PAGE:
Rebirth for an Aging Laboratory
An outdated facility reimagined as a high performance, flexible, bright new lab

High Performance Rebirth
In contrast to the existing conditions, the Kimball Hall Renovation created an open flexible suite of visually connected spaces to accommodate a range of research needs, ranging from robotics research to bioengineering. The plan’s organization reflects three layers: open lab space, a support zone and an office area for faculty and students. 

Robotics

Equipment Centric

Bioengineering

   1  Open Lab                            5  Conference / Kitchen
   2  Support                               6  Mechanical 
   3  Student desk area               7  Entry
   4  Office 

Materials development and robotics open laboratory arrangement

Brightness
The bright daylit spaces within Kimball Hall are punctuated by bold accent colors to heighten a radical transformation of one of Cornell University College of Engineering’s original 1950s buildings.

CornellKimball_LP_06

SUSTAINABILITY STRATEGIES

68%
reduction in energy use as compared to a typical biology or engineering lab

94%
of regularly occupied spaces have access to outside views

20%
reduction in fixture water usage

LEED GOLD

New high performance curtainwall with integrated sunshades

Cornell University
Kimball Hall Renovation

LOCATION
Ithaca, NY / United States

COMPLETED
2015

TOTAL SQUARE FOOTAGE
19,380 GSF

PROGRAM COMPONENTS
Research Labs, Private Offices

LEED STATUS
LEED Gold

To meet next-generation goals of interdisciplinary research, the School of Engineering desperately needed new wet bench laboratory space. Following the publication of the College’s master plan, Cornell initiated the Kimball Hall Renovation as the prototype project demonstrating the adaptive potential of the school’s existing 1960s-era lab buildings.

Challenge
Originally built with an open plan in 1952, over time Kimball Hall had been compartmentalized into a series of small, isolated rooms, largely devoid of natural light. This layout discouraged interaction between faculty, students and programs and failed to accommodate new occupants and research types. In addition, the building had received no significant upgrades since its initial construction. It lacked the central mechanical systems to support laboratory densification, and some existing labs were even missing the infrastructure to support their immediate research needs.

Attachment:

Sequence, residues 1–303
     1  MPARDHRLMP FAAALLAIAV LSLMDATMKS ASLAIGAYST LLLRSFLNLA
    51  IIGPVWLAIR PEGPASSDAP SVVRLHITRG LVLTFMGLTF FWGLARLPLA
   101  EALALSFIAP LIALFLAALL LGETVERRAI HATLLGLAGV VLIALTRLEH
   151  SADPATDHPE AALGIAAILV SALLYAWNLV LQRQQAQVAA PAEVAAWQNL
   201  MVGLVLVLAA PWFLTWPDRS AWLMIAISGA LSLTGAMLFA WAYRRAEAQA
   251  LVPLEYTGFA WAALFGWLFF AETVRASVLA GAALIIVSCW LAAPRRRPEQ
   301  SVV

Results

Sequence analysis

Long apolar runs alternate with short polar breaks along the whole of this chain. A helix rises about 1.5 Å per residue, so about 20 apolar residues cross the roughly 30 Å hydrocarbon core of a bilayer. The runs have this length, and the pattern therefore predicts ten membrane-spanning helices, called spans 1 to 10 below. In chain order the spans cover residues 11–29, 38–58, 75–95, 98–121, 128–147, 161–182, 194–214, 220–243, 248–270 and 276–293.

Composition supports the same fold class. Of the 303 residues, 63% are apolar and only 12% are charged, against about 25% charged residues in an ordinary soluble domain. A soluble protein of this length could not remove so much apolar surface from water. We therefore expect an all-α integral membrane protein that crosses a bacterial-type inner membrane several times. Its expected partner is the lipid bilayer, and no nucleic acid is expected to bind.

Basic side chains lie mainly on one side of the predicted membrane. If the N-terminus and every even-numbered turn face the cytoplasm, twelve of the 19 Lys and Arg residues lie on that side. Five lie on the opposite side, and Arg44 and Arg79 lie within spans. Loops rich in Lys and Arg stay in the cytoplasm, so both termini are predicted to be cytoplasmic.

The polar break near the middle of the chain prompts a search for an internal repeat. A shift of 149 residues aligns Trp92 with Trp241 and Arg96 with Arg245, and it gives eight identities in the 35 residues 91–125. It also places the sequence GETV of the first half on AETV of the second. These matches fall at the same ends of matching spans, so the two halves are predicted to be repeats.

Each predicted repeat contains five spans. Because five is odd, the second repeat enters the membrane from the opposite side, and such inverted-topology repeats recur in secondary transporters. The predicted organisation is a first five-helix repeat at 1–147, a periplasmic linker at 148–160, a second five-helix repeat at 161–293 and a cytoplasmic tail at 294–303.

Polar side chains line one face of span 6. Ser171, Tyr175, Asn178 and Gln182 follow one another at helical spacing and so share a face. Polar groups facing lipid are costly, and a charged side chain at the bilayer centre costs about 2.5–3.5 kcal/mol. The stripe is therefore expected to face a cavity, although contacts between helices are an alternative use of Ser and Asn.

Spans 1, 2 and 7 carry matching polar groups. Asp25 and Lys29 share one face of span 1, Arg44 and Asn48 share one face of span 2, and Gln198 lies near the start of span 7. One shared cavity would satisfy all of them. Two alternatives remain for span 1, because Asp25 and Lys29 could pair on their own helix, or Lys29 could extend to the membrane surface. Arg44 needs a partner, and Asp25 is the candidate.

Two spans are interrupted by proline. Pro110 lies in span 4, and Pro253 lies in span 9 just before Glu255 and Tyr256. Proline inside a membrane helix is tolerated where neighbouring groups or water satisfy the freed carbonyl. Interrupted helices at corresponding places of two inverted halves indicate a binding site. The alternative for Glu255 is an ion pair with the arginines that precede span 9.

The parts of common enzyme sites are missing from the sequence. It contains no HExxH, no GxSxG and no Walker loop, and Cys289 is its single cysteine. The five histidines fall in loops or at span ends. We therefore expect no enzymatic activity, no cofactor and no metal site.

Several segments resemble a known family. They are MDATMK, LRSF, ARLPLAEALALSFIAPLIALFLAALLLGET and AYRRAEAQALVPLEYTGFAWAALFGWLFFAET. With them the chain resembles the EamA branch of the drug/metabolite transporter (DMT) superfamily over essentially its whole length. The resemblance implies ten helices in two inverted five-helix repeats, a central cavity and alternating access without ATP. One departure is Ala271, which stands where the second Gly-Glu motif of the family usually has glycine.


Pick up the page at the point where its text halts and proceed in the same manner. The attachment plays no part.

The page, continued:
Solution
For the renovation, our design team focused on creating an open, flexible suite of visually connected spaces to accommodate a wide range of disciplinary needs. The design allows for collaboration between the various groups and provides opportunities for new scientific adjacencies and relationships within the engineering departments. The renovation interweaves a series of layers (low-energy office workspaces, a high-intensity support zone and a flexible open research lab) to create an integrated research neighborhood. Each layer responds to a specific design criteria that tunes its capability and minimizes energy usage.

The project involved gut renovating the building’s upper two floors while the existing first-floor lab and clean room remained operational. Leveraging the building’s long structural spans, the open lab features a simple, flexible infrastructure system that can accommodate a range of uses. New mechanical infrastructure, housed on the roof above the third floor and in the penthouse, serves the renovated space.

Daylight floods the building’s interiors, streaming through the enlarged glazed curtainwall. Sliding glass doors and slot windows in the support zone continue the notions of transparency and openness. A predominantly white palette amplifies the overall sense of brightness, and high-contrast accent walls and bold materials introduce a playful energy to the space.

Photography: © Warren Jagger                           

KEY TEAM MEMBERS
J. Ian Adamson, AIA, LEED Green Assoc.
Principal-in-Charge

Jeffrey H. DeGregorio, AIA, LEED AP
Project Manager / Architect